Homegrown rocket Nuri with multiple satellites awaits countdown

2023.05.24 12:59:02 | 2023.05.24 13:08:28

[Photo by Yonhap]이미지 확대

[Photo by Yonhap]

South Korea’s homegrown rocket Nuri, also known as KSLV-Ⅱ, is poised for its much-anticipated launch with multiple commercial satellites on board.

The Ministry of Science and ICT and the Korea Aerospace Research Institute (KARI) have scheduled the third launch of Nuri for Wednesday at 6:24 p.m.

The primary objective of the mission is to place eight commercial-grade satellites into orbit at an altitude of 550 kilometers. While the previous second launch in June last year successfully achieved satellite orbit insertion, its focus was on validating Nuri’s satellite launch capability.

Hanwha Aerospace Co. will participate in the latest launch preparation and operation process. The involvement presents the company with an opportunity to acquire the necessary technology for private-sector-led Nuri launches, marking the advent of a new era in private space exploration.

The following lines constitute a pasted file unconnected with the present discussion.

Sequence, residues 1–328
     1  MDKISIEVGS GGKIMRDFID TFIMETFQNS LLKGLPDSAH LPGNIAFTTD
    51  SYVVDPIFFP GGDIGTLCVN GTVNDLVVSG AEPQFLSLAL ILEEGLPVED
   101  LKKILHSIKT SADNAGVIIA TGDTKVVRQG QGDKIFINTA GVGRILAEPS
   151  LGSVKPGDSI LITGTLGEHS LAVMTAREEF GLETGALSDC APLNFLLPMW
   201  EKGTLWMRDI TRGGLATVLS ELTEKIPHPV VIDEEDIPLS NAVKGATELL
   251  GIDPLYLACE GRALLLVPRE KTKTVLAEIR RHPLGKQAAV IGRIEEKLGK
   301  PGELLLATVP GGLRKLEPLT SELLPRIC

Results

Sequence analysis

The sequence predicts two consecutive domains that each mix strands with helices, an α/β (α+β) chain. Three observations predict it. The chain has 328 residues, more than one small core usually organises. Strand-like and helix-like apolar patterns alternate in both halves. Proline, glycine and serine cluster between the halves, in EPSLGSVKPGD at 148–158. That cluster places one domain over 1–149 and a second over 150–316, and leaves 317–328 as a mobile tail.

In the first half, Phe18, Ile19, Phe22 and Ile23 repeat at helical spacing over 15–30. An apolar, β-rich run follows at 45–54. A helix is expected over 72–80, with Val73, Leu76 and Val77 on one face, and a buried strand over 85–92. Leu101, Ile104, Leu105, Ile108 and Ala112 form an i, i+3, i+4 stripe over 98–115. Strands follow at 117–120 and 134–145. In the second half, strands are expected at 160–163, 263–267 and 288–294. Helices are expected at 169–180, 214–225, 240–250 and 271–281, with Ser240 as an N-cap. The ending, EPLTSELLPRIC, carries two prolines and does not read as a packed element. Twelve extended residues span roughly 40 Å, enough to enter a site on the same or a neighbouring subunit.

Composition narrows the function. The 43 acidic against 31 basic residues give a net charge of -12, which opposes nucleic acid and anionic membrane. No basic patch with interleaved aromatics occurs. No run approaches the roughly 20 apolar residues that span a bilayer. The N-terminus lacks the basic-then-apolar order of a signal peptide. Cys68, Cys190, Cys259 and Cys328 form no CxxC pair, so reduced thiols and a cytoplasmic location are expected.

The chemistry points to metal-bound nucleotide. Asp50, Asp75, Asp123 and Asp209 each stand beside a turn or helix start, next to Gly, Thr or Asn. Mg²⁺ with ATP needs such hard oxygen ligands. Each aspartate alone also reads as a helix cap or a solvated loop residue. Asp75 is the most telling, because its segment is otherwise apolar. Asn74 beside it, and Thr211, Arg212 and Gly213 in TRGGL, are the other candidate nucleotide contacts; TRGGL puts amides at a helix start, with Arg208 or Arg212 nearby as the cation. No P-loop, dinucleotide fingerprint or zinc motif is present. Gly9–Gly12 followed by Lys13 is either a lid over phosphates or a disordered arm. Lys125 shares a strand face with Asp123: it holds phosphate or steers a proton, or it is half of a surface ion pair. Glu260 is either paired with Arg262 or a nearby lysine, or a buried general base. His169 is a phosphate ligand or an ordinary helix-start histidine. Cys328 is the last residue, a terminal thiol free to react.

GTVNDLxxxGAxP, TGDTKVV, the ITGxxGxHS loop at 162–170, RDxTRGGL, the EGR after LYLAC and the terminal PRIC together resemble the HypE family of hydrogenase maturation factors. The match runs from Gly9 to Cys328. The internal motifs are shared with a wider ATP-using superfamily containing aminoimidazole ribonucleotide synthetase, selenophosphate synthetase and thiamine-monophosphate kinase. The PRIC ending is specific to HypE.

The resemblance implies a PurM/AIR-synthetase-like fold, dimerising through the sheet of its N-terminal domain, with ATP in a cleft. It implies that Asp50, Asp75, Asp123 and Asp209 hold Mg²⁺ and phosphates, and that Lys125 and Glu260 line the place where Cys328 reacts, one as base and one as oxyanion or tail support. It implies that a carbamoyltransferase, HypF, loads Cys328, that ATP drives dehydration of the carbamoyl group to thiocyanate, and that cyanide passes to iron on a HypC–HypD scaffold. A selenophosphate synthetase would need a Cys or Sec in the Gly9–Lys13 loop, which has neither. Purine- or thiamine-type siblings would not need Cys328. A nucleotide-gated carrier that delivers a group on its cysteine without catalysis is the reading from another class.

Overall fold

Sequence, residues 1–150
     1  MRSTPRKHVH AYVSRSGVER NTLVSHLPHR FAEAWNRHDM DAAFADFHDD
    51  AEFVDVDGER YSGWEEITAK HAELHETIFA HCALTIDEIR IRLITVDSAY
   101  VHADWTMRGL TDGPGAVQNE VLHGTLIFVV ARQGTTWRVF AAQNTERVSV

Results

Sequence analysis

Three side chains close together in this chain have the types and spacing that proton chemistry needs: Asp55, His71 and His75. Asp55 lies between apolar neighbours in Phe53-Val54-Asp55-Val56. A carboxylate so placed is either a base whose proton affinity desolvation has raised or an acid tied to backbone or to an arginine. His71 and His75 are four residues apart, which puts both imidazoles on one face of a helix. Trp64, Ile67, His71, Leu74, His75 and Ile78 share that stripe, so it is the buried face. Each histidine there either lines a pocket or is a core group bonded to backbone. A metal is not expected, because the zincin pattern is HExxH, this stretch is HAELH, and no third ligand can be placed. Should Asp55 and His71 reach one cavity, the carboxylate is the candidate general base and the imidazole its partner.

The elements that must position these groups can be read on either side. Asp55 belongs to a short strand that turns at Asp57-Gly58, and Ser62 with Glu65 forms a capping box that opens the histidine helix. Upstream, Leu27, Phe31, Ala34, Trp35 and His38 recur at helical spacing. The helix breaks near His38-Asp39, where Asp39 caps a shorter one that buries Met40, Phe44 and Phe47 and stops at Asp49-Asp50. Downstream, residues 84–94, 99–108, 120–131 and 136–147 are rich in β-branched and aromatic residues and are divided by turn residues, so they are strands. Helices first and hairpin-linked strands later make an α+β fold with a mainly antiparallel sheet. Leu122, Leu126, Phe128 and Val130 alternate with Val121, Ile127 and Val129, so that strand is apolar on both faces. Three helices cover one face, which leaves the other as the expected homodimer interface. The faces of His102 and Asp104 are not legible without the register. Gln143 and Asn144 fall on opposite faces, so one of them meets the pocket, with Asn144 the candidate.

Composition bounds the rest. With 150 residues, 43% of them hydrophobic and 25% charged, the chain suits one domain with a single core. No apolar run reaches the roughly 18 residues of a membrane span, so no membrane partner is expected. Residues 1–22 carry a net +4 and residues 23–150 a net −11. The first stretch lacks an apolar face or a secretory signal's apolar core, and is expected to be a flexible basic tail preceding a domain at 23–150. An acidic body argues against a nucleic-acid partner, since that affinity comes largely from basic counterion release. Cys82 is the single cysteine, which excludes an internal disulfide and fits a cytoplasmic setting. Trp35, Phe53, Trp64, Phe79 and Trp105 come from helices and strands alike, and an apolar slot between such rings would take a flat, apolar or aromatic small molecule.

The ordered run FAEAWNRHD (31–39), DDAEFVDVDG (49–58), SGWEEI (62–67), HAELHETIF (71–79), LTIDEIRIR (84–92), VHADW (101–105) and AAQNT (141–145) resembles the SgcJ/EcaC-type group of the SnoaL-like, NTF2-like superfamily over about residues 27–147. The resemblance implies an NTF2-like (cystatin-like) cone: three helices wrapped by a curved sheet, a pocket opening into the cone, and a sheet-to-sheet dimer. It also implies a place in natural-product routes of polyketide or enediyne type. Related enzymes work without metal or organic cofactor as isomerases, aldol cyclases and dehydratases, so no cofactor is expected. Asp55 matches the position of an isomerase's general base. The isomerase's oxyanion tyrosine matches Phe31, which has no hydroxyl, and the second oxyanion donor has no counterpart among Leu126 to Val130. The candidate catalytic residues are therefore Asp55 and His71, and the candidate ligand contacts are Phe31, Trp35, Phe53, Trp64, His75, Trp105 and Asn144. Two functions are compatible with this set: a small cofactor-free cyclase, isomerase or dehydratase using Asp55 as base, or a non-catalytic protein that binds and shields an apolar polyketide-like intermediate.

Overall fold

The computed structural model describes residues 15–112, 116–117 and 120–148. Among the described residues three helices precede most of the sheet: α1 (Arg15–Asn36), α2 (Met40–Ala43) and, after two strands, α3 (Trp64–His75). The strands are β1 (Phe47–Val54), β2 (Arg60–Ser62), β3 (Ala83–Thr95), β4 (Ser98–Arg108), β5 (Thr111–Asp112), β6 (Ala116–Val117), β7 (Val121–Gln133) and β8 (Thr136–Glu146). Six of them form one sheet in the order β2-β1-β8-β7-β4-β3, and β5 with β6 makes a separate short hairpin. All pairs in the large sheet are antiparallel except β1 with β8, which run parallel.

On Tuesday, Nuri emerged from the assembly building at the Naro Space Center in Goheung County, South Jeolla Province, at 7:20 a.m. and made its way to the launch pad, standing tall against the sky.

The umbilical cable, responsible for supplying power and charging the fuel and oxidizer for Nuri, was connected, and a thorough inspection to ensure the propulsion system’s security was completed at 9:14 p.m., marking the successful conclusion of the launch preparation.

The launch may be postponed if local weather conditions prove unfavorable. The final launch time will be confirmed after 1:30 p.m. on Wednesday. As of now, the scheduled launch time for Nuri is 6:24 pm on Wednesday.

Nuri consists of three stages, with the flight commencing once the first stage reaches a thrust of 300 tons after engine ignition. At this point, the four vehicle holding devices (VHDs) that have been securing Nuri in place will be released.

The separation of the first stage occurs approximately 125 seconds after liftoff at an altitude of 64.5 kilometers. After 234 seconds, the fairing, a protective cover for the satellite payload, will separate at an altitude of 204 kilometers.

Following 272 seconds from launch, the second stage will separate at an altitude of 258 kilometers. Finally, after 783 seconds, Nuri will reach its intended target altitude of 550 kilometers.

At this stage, the separation of the mounted satellites will commence. The completion of satellite separation is expected to occur 923 seconds after launch.

The Ministry of Science and ICT plans to announce the results of the Nuri launch, including its success or failure, about one hour and 20 minutes after the launch, at 7:44 p.m.

By Pulse

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